The ALS Ice Bucket Challenge, and Why It’s Important

For the last 2 or 3 days, the internet has been inundated with videos of celebrities, YouTubers, bloggers, and even just regular Joes doing this challenge. And it’s been quite amusing to watch some of these, especially the people who put some thought into it and made it funny or interesting. Benedict Cumberbatch was especially memorable, getting dunked not one, but SIX times, including once in the shower. Meow.

But the internet can’t seem to let anyone have a good time for long, someone was bound to start an anti-ice bucket challenge rage. And sure enough, these started popping up all over the place:


Besides the fact that they pull all the fun out of something amusing that also just happens to have a good cause, it’s also a bunch of hypocritical bullshit. The people posting these aren’t third world people, they’re people like us, with all the luxuries we have. If you’ve ever stayed in the shower for 5 minutes longer than it took you to wash yourself, then you just “wasted” more water than Benedict did in his whole video. So get a little perspective, hunh?

The Ice Bucket Challenge IS important, because for all the people who do it only for the gag of getting doused in freezing water, there are those who are really doing it for the cause. Benedict talked about ALS and had a sign with the info you need to donate money. Lady Gaga said nothing, but donated 10,000 of her own dollars to the cause (and her video is the shit, too). Even the ones who say nothing of ALS are still spreading the awareness. It’s not a very well known disease, and, like other rare illnesses, cures are long in coming because there’s not enough money to be made if only 30,000 people in the world are sick with it. So really, anything that can be done to get things rolling in finding a cure is good.

I had a more visceral reaction to that photo than most people, I guess, because I know what it’s like to have a disease that gets no funding for research. I’d dump a million buckets of ice on my head if it meant finding a cure. Seven years ago I got diagnosed with Lupus. Not much is known about it, why it happens, where it comes from, even exactly how it will evolve (devolve?). It’s an auto-immune disease, like Crohn’s or AIDS (though Lupus isn’t transmittable), that seems to attack almost whatever it feels like. The full name is Systemic Lupus Erythematosus, short-formed to SLE. The most common form (discoid) is the one that attacks the skin, causing painful (and yes, ugly) red rashes on the skin, usually the face, neck and/or back. At the moment my rashes seem to be mostly controlled, but every so often I still flare up. Next is musculoskeletal SLE, which I also get, which is inflammation of the joints causing pain, which is sometimes so bad I can’t walk on my own. On top of the physical distress, patients with SLE also often battle depression (a disturbing 60% of patients), chronic fatigue, insomnia (which pairs awesomely with the fatigue, let me tell you), anxiety, confusion (also called “brain-fog”), photosensitivity, and even psychosis. And that doesn’t count the side effects from all the medication you have to take to try control it.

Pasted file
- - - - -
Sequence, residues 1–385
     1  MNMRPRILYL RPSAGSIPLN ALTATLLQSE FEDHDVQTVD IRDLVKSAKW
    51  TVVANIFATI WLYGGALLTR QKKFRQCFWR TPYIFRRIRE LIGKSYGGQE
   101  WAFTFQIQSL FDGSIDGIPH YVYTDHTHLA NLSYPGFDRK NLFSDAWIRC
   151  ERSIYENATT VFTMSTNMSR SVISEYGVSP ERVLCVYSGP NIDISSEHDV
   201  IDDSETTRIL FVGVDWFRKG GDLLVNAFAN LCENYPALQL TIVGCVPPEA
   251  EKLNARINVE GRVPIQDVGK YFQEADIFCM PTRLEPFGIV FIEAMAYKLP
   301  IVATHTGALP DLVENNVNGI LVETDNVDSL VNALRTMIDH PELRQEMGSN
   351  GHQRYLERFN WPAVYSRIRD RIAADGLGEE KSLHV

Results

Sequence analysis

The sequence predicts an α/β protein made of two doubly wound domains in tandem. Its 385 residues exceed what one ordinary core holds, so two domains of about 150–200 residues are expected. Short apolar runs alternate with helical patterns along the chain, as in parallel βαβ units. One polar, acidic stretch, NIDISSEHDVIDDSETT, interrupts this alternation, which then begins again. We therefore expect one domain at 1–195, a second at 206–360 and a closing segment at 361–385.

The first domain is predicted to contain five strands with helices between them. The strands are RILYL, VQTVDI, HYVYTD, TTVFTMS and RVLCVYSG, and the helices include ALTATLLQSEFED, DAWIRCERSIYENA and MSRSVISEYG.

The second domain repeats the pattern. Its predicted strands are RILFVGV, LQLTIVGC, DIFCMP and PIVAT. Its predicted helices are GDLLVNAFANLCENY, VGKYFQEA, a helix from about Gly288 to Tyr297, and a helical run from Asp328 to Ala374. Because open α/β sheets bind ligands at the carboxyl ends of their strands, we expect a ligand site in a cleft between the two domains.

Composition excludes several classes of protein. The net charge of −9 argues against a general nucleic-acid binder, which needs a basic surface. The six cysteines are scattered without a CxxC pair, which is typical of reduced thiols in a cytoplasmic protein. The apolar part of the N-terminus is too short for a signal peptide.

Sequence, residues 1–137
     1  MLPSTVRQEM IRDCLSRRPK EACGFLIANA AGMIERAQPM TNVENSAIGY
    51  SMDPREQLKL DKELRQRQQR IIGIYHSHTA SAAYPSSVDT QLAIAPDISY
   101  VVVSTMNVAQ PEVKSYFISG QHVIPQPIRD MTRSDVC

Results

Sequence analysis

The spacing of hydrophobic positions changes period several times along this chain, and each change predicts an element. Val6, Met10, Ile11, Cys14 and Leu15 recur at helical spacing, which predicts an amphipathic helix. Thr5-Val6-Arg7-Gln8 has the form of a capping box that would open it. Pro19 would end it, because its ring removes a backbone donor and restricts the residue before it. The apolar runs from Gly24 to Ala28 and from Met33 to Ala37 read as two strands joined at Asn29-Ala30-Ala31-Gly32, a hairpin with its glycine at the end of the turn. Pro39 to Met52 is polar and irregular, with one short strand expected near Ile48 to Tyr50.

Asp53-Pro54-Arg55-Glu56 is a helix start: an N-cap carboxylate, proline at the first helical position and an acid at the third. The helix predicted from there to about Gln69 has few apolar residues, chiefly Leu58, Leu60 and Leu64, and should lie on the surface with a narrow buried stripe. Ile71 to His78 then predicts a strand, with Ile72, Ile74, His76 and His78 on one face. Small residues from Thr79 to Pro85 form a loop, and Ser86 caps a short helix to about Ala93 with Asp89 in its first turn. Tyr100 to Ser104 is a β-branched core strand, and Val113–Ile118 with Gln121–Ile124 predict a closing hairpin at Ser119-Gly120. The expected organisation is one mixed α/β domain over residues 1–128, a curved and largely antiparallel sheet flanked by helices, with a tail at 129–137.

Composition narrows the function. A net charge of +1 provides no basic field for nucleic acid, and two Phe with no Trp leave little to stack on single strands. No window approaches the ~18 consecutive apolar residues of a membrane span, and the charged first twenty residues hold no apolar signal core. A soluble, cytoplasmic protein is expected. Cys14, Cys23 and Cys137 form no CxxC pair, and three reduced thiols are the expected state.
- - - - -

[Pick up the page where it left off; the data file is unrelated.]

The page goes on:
Thankfully, “all” I have for moment is all that (minus the psychosis, I think :-p), and if I’m “lucky” it’ll plateau here. But SLE can be fatal. If it decides to attack my heart, I could be in for a short ride. I still haven’t decided which straw is shorter, quick death, or life with very limited ability. I’ll let you know when I figure it out.

So that’s why I think raising awareness in any form, even in a silly challenge, is good. A lot of people who didn’t previously know what ALS is now know. And the campaign has raised a ton of money, over 53 million last time I checked. That’s amazing. More than amazing. Hopefully that money will help find a cure, or at least something to help improve quality of life. I know what it’s like to live in fear of what your body is going to do. No, my physical body will never get as bad as ALS sufferers. I can move and, no matter how much it hurts, I can walk. But really, we’re not going to start the “who’s suffering more?” game. Nobody wins. Any disease that takes away a person’s ability to do things on his or her own is going to be that much harder on the psyche.


This video is from a young man named Anthony Carbajal. It will change the way you see the Ice Bucket Challenge. It starts as a funny and silly video, but things quickly get heartbreaking. I was literally in tears at the end, because so much of what he feels, I feel. And he’s so very brave to face the camera as he’s talking about it. I’d originally planned to make a video about this, but no, I’m not brave enough to risk crying on camera. My hat’s off to you, Anthony. And my deepest sympathies.

So thanks everyone for taking the time to read this. If you haven’t already, go on over to the ALS Association website and give a little something if you can. You can donate any amount starting from $5 (on credit card, checking account or PayPal), and if that’s all you can afford, that’s fine. Every little bit helps.

Your regular, light-hearted programming will resume normally tomorrow. Stay tuned!! 🙂


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